Citation:

    Bryant, S., Murthy, U., and Wheeler, P. 2009. The effects of cognitive style and feedback type on performance in an internal control task. Behavioral Research in Accounting 21 (1): 37-58.

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  • The Auditing Section
    Reducing Management’s Influence on Auditors’ Judgments: An...
    research summary posted May 7, 2012 by The Auditing Section, tagged 07.0 Internal Control, 07.02 Assessing Material Weaknesses, 09.0 Auditor Judgment, 09.10 Prior Dispositions/Biases/Auditor state of mind 
    Title:
    Reducing Management’s Influence on Auditors’ Judgments: An Experimental Investigation of SOX 404 Assessments
    Practical Implications:

    The results of this study are important for audit firms to consider in planning, implementing, and documenting their assessment of internal controls.  Findings suggest that auditors are influenced by knowing management’s classification of the ICFR issue before making their assessment. The authors suggest this “knowledge bias” impairs independence and could also reduce audit effectiveness, impact tests of controls, and the reliance of others’ work (i.e., internal auditors).  There are additional implications for other parts of the audit (e.g., auditing estimates) where the audit client presents information that may bias an “independent assessment” of the account(s) being audited. However, as findings in this study suggest, requiring auditors to consider and explicitly document the potential impact the deficiency may have on the financial statements may reduce the impact of such knowledge biases.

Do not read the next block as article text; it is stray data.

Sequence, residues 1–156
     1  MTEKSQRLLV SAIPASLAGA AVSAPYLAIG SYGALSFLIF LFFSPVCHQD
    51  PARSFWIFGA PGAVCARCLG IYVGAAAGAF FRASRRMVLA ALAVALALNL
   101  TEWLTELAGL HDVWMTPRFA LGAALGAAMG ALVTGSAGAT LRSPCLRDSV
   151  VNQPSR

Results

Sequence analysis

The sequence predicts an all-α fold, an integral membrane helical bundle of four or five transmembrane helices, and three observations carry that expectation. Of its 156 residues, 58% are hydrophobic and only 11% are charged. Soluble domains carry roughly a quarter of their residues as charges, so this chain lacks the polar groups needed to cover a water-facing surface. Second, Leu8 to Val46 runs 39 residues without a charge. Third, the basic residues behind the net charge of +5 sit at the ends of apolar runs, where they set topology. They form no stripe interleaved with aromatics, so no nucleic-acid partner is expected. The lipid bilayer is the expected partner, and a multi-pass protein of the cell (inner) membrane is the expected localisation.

Citation:

    Earley, C. E., Hoffman, V.B., and J. R. Joe. 2008. Reducing Management’s Influence on Auditors’ Judgments: An Experimental Investigation of SOX 404 Assessments. The Accounting Review 83 (6) 1461-1485